Scammell's account is particularly comprehensive in two areas - the role of Mrs Thatcher's press secretary Bernard Ingham in promoting the interests of his boss, perhaps above and beyond the call of duty (and precedent), and the staggering growth, particularly over the past decade, in the use of government advertising as covert party political propaganda. She notes that by the time Mrs Thatcher left office the Government was second only to Unilever in terms of the amount of money spent on advertising.
However, strong as Scammell is on the Tories, she is correspondingly weak on the opposition parties. For example, Labour's 1959 election broadcasts were ground-breaking, taking the style and format of BBC's successful early evening current affairs programme Tonight as its model. And the work of Peter Mandelson and the Shadow Communications Agency, which over the past decade have transformed not just Labour's presentation but its substance as well do not receive the consideration they merit. Similarly neglected are some of the pioneering communication techniques of the SDP (as displayed at their launch, for example) and the local campaigning, known as "pavement politics" developed by the old Liberal Party and their Focus teams. On the other hand it could be argued that Scammell's emphasis on the Tories is justified - Labour's innovations did not lead to the election of Labour governments, the Liberal Democrats remain as far from power as ever and the SDP is dead. On the other hand the activities of Bernard Ingham and the increase in Government advertising in the 1980s clearly did nothing to inhibit the string of election victories which have kept the Conservatives in power since 1979.
All of which raises the key question: does political marketing work, and if it does, is it, in an ethical sense, right? Scammell's answers to these questions are unambiguous. "There is no doubt," she writes, "that political marketing and its associated techniques have been put to disreputable purposes in the past and certainly will be again. However, just as in commercial advertising the easiest product to advertise is the best product, so in politics the most effective way to create an image of competence, credibility and unity is by actually being competent, united and believable." Evidence provided by David Deacon and Peter Golding's study of the poll tax fiasco seems to provide support for these conclusions - for they demonstrate how the very best (and most expensive) political marketing can do nothing to sell a policy that is perceived as innately unfair. This work is an important contribution to the debate about the role of marketing within the political process and it is set within the context of the wider academic discourses around issues such as "news values", "agenda-setting" (or building) and the strategic role played by journalists' sources in determining news agendas. It is a particularly useful contribution because its theoretical discussions pivot around a specific series of events which are used as touchstones to validate the authors' arguments. In terms of the debate around agenda-setting - which out of the media and the politicians is able to dictate news priorities - Deacon and Golding reject crude reductionism by not opting for one side or the other and instead sketching out a far more complex process in which journalists, politicians and other sources are in constant dynamic interaction reacting to and in turn affecting the actions of others. But their conclusion is, that in the final analysis the power to define an issue rests primarily with politicians (and their media advisers) in general and with government in particular, and that this remains the key determinant of what gets on to and what gets missed off the media agenda.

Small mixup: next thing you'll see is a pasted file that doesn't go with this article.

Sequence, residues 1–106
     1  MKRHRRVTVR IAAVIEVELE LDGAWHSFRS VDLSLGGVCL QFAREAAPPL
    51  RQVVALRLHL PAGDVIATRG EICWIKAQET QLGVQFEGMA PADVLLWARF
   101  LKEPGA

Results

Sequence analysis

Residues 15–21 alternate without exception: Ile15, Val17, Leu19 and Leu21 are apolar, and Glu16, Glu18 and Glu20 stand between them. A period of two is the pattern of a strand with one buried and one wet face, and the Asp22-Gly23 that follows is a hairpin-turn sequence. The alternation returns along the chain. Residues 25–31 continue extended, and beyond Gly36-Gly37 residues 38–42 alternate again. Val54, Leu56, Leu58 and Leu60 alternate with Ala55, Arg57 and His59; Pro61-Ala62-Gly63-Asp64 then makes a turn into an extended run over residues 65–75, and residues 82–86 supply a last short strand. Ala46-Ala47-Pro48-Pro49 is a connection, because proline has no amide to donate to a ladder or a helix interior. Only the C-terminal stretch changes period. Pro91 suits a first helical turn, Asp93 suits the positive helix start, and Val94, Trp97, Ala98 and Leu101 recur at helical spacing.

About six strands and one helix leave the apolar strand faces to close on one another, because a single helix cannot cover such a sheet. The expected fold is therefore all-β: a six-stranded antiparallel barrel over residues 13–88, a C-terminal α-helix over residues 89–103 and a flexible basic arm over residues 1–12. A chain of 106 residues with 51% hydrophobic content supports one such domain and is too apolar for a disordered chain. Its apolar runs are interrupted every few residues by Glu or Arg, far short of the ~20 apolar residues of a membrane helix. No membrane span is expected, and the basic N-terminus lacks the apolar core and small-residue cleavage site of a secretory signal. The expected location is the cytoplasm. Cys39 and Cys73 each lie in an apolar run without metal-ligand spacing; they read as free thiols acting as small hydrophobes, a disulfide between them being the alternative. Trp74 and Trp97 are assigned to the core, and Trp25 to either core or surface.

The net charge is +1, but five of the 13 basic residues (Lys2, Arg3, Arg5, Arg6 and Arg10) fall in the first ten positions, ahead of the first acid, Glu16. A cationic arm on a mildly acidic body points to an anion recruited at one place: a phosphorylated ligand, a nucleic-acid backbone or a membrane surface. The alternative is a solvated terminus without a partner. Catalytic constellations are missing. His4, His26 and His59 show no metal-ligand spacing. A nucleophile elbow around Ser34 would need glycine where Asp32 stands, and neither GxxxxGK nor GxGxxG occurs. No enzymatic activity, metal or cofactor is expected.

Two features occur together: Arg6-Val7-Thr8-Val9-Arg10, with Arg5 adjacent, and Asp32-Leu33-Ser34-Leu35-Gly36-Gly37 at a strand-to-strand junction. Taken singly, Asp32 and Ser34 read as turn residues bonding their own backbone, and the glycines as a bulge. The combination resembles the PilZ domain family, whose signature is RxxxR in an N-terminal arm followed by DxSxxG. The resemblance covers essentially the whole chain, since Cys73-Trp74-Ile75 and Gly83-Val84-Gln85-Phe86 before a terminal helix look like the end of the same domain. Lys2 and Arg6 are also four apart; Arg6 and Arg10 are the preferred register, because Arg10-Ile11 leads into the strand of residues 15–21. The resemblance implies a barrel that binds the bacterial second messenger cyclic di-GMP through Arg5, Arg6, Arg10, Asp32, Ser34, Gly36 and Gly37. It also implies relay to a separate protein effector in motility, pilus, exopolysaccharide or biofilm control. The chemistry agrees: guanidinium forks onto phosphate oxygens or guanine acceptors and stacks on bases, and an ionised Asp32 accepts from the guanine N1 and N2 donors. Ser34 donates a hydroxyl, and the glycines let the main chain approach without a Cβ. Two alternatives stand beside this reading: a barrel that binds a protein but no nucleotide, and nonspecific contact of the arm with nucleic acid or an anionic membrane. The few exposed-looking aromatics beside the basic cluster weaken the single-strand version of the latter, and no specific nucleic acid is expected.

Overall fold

This ability to define issues for the public agenda is undoubtedly a vital weapon in the armoury of government but to understand an episode such as the poll tax requires a wider perspective. At its heart was the personality of the prime minister of the day - Margaret Thatcher - and her blind determination to introduce the tax, almost irrespective of the consequences. This interaction between personality and politics has formed a keystone in the work of Hugh Berrington, the distinguished professor of politics at Newcastle, to whom Peter Jones has dedicated a collection of essays, Party, Parliament and Personality. In an earlier work, quoted in this collection, Berrington himself observes, "It would be absurd to argue that political decisions can ONLY be explained by reference to the psychology of decision-makers. It would be no less foolish to assert that the temperament of leaders never makes a significant difference to what happens." Thatcher is an obvious case in point but perhaps of almost equal interest is her prince of media darkness Bernard Ingham, who served as her Downing Street spokesman throughout the 1980s. Ingham is a complex character with an almost breath-taking arrogance in public combined with a gentle humility in private. His own role in Downing Street has been the subject of much controversy. Both Nicholas Jones's and Scammell's account of his activities raises important questions about where the boundaries between presentational and political advice fall. Ingham seeks to address some of these questions in his contribution to Peter Jones's collection which, with no suggestion of irony, he has called "The awkward art of reconciliation", claiming that his job was reconciling the conflicting interests of politicians and the media.